Some of you may have seen the film “Blood Diamond”(2006) starring Leonardo DiCaprio which highlights diamonds being illegally traded to fund the conflict in the war-torn areas of Sierra Leone and Angola in Africa during the 90s. These diamonds are called blood diamonds or conflict diamonds because the rebels that sell these diamonds use the money to purchase arms or to fund their military actions.Blood Diamond gems are also often produced through the forced labour of men, women and children.
Thankfully the amount of blood diamonds that come onto the market now are thought to be relatively small. This is because, back in 2003, a governing body called the Kimberley Process Certification Scheme (KPCS) was set up to track and to verify that diamonds are coming from ethical sources. The Kimberley Process now has 54 participants, representing 81 countries who have agreed to help try to eliminate the availability of conflict diamonds.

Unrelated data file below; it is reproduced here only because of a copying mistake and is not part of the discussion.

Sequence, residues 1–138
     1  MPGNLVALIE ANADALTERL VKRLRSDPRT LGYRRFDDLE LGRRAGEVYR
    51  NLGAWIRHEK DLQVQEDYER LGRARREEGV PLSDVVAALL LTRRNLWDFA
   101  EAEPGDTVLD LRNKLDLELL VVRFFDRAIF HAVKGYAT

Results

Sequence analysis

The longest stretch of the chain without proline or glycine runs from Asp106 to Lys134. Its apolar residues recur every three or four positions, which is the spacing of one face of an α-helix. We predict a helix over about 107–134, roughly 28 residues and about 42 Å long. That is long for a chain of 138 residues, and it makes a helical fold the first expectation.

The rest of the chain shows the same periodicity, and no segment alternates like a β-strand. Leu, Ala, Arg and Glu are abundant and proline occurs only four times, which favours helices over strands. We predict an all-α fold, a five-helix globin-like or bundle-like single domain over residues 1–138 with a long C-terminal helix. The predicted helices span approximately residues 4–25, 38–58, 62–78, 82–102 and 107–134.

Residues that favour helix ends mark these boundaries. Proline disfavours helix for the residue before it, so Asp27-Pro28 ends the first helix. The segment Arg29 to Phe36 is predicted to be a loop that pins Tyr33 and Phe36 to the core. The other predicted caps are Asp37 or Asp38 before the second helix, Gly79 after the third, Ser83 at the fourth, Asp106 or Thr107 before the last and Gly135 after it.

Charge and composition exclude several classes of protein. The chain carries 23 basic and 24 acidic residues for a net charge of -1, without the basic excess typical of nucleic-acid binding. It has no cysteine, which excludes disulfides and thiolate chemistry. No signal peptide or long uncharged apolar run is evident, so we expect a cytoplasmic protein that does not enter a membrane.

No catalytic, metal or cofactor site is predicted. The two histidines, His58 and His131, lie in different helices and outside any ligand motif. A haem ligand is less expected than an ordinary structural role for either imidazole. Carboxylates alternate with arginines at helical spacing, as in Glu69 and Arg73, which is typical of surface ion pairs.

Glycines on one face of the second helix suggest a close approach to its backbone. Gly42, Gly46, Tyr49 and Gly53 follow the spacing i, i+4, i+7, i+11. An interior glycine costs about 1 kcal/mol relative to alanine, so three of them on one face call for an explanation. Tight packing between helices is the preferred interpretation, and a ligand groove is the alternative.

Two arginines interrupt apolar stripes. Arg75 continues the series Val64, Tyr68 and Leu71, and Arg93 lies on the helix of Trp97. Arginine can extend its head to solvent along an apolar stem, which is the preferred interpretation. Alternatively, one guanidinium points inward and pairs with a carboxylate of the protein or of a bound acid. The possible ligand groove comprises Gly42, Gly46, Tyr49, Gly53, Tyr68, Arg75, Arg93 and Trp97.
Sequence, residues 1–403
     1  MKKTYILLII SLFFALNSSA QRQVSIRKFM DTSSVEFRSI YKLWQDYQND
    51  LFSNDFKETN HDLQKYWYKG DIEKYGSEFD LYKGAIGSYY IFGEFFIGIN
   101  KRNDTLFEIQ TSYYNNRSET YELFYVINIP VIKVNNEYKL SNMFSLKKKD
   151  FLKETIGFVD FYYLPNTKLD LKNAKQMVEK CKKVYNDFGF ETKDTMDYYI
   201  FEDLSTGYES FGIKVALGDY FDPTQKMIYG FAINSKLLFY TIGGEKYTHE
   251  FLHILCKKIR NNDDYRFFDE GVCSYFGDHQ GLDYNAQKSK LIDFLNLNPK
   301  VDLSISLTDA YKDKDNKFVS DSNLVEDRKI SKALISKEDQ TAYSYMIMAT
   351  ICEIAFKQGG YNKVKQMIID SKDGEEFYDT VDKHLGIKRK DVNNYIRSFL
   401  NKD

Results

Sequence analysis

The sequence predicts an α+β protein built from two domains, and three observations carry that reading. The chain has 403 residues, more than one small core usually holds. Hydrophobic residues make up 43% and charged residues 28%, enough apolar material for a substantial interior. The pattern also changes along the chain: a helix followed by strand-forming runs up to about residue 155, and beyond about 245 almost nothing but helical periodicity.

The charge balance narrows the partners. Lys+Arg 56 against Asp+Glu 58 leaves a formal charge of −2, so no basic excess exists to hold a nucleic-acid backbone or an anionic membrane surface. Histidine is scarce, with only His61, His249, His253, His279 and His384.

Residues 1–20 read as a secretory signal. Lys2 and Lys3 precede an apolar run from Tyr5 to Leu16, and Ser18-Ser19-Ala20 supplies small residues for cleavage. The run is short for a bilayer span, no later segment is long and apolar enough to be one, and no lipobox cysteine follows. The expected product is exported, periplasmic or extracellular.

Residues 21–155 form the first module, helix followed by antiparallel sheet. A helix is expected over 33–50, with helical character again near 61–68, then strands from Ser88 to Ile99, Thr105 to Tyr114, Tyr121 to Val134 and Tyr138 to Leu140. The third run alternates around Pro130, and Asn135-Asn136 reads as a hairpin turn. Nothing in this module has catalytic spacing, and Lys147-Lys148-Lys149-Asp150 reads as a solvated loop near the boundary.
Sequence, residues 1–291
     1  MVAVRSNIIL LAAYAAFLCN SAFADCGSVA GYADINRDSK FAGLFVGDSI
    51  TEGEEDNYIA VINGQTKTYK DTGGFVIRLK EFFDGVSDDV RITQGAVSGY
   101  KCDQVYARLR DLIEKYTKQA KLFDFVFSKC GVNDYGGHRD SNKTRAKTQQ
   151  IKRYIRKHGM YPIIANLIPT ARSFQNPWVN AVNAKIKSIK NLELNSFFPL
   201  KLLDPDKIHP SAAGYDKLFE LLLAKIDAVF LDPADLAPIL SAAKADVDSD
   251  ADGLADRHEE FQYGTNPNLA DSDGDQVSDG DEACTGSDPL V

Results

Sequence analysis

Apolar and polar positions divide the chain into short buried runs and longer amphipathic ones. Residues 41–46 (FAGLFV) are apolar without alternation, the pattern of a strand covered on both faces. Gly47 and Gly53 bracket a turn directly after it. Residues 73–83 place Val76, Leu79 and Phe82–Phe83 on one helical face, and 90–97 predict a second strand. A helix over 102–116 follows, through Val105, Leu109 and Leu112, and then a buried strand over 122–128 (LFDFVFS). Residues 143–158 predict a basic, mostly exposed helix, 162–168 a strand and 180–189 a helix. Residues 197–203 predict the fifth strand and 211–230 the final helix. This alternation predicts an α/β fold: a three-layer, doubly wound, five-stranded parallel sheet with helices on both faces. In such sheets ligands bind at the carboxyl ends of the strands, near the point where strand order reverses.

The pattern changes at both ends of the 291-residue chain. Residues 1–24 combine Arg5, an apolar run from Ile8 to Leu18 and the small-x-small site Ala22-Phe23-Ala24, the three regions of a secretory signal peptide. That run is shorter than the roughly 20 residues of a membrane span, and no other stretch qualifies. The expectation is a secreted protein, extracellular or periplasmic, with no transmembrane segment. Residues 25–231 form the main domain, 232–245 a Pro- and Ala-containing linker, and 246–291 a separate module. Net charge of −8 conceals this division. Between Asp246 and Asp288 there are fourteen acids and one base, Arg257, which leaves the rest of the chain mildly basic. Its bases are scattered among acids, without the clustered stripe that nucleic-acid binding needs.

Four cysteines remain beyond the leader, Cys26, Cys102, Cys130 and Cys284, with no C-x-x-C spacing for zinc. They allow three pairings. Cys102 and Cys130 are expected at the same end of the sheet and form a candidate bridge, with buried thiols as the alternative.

The KPCS imposes extensive requirements on its members to enable them to certify shipments of rough diamonds as ‘conflict-free' and prevent conflict diamonds from entering the legitimate trade. The certification process accounts for all rough diamonds, through every step of their movement, from mine to retail sale.
Since the Kimberley Process began it’s now estimated that just 5-10% of all gem diamonds in the world are conflict diamonds. The Kimberley Process is not 100% perfect though and has some limitations in the way it works along with also trying to deal with the persistent levels of corruption which seem to reside in various areas of a diamond’s journey to the international market.
At the moment the Kimberley Process is the only professional body that is trying to monitor the trade in illegal blood diamonds. Although, there are calls for an assistant body to help improve the monitoring.
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